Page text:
Terror and the Costs of Crime
This paper argues that terrorism, beyond its immediate impact on innocent victims, also raises the costs of crime, and therefore, imposes a negative externality on potential criminals. Terrorism raises the costs of crime through two channels: (i) by increasing the presence and activity of the police force, and (ii) causing more people to stay at home rather than going out for leisure activities. Our analysis exploits a panel of 120 fatal terror attacks and all reported crimes for 17 districts throughout Israel between 2000 and 2005. After controlling for the fixed-effect of each district and for district-specific time trends, we show that terror attacks reduce property crimes such as burglary, auto-theft, and thefts-from-cars. Terror also reduces assaults and aggravated assaults which occur in private homes, but increases incidents of trespassing and "disrupting the police." Taken as a whole, the results are consistent with a stronger deterrence effect produced by an increased police presence after a terror attack. A higher level of policing is likely to catch more people trespassing, and at the same time, reduce the number of property crimes. The decline in crimes committed in private houses is likely an indication that the tendency for individuals to stay home after a terror attack further increases the costs of crime.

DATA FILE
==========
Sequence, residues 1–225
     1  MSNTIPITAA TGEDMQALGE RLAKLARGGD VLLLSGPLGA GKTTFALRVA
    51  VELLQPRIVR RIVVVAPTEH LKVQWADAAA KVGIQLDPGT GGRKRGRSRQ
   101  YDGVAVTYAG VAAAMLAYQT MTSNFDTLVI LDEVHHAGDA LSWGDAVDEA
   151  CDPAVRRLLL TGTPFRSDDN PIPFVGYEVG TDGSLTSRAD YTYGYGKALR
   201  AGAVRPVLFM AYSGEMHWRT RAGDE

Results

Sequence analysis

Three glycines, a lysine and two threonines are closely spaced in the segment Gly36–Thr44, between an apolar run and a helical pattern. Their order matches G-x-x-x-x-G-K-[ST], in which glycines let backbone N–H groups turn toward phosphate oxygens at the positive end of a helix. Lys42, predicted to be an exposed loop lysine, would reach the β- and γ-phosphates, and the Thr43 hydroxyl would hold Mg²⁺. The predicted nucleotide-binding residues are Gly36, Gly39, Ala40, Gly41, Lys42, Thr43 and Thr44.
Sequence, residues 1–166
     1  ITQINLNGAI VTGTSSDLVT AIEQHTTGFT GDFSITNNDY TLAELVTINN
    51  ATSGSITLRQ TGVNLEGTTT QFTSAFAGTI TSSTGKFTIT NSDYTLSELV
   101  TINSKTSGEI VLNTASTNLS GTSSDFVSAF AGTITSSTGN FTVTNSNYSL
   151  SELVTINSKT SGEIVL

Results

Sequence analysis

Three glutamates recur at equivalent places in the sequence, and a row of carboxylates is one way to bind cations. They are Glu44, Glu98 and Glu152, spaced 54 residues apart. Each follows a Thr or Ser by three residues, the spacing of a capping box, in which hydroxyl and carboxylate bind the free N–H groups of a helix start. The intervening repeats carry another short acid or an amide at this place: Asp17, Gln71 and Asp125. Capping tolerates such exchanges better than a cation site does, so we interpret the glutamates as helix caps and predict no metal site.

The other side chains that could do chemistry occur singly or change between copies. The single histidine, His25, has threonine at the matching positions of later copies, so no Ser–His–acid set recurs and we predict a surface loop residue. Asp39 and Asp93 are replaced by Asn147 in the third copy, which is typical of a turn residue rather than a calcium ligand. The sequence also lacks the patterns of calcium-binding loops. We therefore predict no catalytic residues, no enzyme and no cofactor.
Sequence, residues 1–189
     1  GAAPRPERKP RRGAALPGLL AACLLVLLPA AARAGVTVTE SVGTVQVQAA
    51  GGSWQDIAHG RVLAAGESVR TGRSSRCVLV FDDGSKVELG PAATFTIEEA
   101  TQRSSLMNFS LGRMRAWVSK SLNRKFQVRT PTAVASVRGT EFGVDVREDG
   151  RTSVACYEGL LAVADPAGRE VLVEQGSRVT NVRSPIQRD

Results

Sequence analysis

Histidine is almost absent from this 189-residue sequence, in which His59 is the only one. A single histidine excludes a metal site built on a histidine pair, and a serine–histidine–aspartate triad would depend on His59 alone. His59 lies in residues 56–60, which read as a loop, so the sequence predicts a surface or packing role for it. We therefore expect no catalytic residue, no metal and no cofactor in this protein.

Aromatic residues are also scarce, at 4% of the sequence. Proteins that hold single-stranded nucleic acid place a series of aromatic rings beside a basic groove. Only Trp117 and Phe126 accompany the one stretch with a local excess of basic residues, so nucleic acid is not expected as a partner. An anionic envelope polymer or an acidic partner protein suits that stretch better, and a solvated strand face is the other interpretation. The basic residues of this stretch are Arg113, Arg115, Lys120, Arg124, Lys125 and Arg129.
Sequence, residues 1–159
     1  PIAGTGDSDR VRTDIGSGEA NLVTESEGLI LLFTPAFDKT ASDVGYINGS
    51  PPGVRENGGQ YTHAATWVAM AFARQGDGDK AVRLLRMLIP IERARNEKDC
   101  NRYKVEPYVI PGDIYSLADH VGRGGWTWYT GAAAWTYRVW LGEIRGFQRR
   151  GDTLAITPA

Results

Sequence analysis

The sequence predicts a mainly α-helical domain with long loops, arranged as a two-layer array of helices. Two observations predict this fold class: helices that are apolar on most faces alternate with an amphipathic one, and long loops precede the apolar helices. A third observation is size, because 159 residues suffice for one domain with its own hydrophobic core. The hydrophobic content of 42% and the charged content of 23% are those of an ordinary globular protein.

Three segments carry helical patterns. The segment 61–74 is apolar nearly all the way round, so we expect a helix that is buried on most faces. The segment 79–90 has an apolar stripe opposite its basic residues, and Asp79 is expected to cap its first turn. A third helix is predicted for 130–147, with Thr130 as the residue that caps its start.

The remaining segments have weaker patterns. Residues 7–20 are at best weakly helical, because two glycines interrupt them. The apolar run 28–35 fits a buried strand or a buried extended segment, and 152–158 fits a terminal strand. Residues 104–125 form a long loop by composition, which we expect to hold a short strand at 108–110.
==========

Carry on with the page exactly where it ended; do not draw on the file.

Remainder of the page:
|Date of creation:||2009|
|Date of revision:|
|Contact details of provider:|| Postal: |
Web page: http://www.diw.de/enEmail:
More information through EDIRC
Please report citation or reference errors to , or , if you are the registered author of the cited work, log in to your RePEc Author Service profile, click on "citations" and make appropriate adjustments.:
- Jonathan Klick & Alexander Tabarrok, .
"Using Terror Alert Levels to Estimate the Effect of Police on Crime,"
American Law & Economics Association Annual Meetings
1042, American Law & Economics Association.
- Klick, Jonathan & Tabarrok, Alexander, 2005. "Using Terror Alert Levels to Estimate the Effect of Police on Crime," Journal of Law and Economics, University of Chicago Press, vol. 48(1), pages 267-79, April.
- Mirko Draca & Stephen Machin & Robert Witt, 2011.
"Panic on the Streets of London: Police, Crime, and the July 2005 Terror Attacks,"
American Economic Review,
American Economic Association, vol. 101(5), pages 2157-81, August.
- Mirko Draca & Stephen Machin & Robert Witt, 2008. "Panic on the Streets of London: Police, Crime and the July 2005 Terror Attacks," School of Economics Discussion Papers 0308, School of Economics, University of Surrey.
- Mirko Draca & Steve Machin & Robert Witt, 2008. "Panic on the streets of London: police, crime and the July 2005 terror attacks," LSE Research Online Documents on Economics 19632, London School of Economics and Political Science, LSE Library.
- Draca, Mirko & Machin, Stephen & Witt, Robert, 2008. "Panic on the Streets of London: Police, Crime and the July 2005 Terror Attacks," IZA Discussion Papers 3410, Institute for the Study of Labor (IZA).